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PIL Against HC In SC For Anti-DGP Comments!

PIL Against HC In SC For Anti-DGP Comments!

In yet another revolt against a section of judiciary in Andhra Pradesh, a senior advocate wrote a letter to Chief Justice of India S A Bobde seeking to restrain the state high court for allegedly making comments against director general of police Gautam Sawang.

The letter, written by T Koteshwar Rao, who is a practising advocate in Telangana and Andhra high courts and also Central Administrative Tribunal, was accepted by the Supreme Court which directed the court authorities to register it as a public interest litigation and number it for future hearing.

The advocate brought to the notice of the Chief Justice of India several news items that appeared in the media quoting high court asking the DGP to resign from his post, if he could not control the police forces.

The high court had made these comments hearing a habeas corpus petition filed by the family of an advocate who was allegedly arrested by the police.

The high court, according to reports, had observed that the police had failed to implement the rule of law in the state and the DGP should submit his resignation if he failed to control the police forces. 

The advocate said the comments were made at the stage of hearing, but not at the pronouncement of judgement.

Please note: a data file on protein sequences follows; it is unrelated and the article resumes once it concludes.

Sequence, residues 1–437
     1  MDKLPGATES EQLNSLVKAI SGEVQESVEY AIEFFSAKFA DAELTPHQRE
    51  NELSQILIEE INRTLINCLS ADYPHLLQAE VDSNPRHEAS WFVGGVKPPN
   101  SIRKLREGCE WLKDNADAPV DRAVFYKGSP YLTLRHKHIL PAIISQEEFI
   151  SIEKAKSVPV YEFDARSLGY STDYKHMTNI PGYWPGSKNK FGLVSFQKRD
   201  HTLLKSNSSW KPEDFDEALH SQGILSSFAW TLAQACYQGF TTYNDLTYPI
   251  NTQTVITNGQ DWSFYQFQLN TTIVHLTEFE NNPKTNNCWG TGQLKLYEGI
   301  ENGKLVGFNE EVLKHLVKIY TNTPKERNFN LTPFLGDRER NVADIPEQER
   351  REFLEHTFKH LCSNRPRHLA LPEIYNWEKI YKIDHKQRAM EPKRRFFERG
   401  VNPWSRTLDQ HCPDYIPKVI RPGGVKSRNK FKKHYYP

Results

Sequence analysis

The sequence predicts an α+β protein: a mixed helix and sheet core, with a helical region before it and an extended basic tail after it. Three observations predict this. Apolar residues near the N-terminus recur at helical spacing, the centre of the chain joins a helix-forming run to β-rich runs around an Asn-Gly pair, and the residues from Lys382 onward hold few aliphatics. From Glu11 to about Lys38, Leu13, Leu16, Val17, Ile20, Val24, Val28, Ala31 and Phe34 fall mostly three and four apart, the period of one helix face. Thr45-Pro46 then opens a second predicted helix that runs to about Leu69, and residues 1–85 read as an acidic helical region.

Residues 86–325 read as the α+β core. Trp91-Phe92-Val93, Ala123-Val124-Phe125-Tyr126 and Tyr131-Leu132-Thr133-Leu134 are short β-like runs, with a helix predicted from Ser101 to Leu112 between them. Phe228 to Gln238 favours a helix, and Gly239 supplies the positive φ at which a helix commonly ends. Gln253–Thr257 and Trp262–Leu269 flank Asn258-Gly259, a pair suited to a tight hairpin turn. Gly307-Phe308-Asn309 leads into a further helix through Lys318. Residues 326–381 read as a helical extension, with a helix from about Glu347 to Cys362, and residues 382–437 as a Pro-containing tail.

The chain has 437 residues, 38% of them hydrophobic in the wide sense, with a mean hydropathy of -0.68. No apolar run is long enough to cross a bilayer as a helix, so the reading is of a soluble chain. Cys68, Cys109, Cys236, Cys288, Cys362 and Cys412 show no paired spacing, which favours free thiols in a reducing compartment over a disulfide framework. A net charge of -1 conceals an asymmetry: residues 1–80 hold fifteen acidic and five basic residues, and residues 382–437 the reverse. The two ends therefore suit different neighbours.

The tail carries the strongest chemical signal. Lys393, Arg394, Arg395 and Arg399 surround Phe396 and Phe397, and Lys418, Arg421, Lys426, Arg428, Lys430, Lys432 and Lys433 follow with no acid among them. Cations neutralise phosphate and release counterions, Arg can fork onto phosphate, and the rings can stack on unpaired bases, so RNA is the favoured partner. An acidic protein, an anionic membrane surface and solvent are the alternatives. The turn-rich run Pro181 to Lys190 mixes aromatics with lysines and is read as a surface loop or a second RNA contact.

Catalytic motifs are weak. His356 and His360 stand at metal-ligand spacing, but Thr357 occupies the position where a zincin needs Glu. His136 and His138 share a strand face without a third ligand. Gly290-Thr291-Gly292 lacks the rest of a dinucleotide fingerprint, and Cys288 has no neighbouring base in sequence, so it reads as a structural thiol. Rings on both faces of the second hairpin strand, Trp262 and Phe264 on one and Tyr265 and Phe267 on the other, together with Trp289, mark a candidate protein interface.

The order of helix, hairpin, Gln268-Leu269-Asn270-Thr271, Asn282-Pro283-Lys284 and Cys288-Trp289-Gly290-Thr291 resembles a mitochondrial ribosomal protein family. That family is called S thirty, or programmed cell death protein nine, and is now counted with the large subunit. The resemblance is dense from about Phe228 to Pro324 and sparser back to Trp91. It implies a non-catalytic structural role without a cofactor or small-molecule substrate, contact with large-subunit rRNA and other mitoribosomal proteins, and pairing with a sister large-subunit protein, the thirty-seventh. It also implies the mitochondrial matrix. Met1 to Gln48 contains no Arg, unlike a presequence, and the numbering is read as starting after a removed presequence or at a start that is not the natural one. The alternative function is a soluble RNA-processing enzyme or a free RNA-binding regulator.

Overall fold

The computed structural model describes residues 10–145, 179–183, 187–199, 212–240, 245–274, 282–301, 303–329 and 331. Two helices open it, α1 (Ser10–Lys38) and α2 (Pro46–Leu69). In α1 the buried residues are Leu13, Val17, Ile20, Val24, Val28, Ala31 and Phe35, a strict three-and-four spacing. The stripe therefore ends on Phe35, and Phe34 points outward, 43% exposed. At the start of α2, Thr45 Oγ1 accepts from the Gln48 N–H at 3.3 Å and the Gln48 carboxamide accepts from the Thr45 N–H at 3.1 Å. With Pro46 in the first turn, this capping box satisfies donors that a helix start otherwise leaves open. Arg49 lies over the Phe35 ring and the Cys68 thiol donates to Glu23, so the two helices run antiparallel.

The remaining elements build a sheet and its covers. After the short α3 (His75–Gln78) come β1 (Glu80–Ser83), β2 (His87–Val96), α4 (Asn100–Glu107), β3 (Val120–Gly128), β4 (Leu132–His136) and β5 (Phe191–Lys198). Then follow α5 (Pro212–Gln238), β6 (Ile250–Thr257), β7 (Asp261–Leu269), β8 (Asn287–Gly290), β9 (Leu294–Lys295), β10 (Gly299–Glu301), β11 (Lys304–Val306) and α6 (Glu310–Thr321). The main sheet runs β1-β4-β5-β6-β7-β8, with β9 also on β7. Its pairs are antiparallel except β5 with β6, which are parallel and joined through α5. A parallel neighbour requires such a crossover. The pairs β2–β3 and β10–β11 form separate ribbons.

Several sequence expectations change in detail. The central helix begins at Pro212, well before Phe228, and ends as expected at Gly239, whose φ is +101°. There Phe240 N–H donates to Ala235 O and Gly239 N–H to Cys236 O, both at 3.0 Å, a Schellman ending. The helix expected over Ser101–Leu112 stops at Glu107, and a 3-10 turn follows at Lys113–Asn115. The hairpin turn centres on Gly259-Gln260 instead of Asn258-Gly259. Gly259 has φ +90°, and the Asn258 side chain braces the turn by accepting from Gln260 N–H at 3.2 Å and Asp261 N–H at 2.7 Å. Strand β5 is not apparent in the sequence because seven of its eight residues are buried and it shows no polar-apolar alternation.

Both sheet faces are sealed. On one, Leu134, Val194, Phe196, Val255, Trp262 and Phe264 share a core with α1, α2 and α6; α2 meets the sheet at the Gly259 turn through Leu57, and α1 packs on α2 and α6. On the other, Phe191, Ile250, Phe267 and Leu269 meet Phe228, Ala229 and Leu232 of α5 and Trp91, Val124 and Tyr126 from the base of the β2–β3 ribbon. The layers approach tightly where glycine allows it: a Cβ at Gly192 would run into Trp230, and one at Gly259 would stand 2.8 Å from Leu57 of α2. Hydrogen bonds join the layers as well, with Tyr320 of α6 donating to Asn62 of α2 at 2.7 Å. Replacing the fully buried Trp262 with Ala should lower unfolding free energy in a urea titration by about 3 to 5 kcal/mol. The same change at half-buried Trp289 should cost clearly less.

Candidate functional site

He wondered how the high court had arrived at a conclusion at the hearing state of the petition itself and made scathing remarks against a very senior officer who is heading the police forces.

“Assuming that the officer is not able to control his forces, it is not the solution for the high court to seek his resignation under the law a measure of punishment,” he said.

He said the comments of the high court would certainly shake the confidence of the common man in the judiciary as he had elected the present state government. Further, the comments of the high court would have a cascading effect on the moral of the police forces.

If these tendencies are allowed to prevail, much time may not be needed for the common man having lost his confidence would revolt against the system. This is precisely the situation in the present case. 

“Therefore, without going into merits of the case, I submit that the time has arrived to lay down some restraints and checks for the judiciary to practice in its adjudication process, so that impression could be avoided that issues are adjudicated without actual adjudication,” he said.

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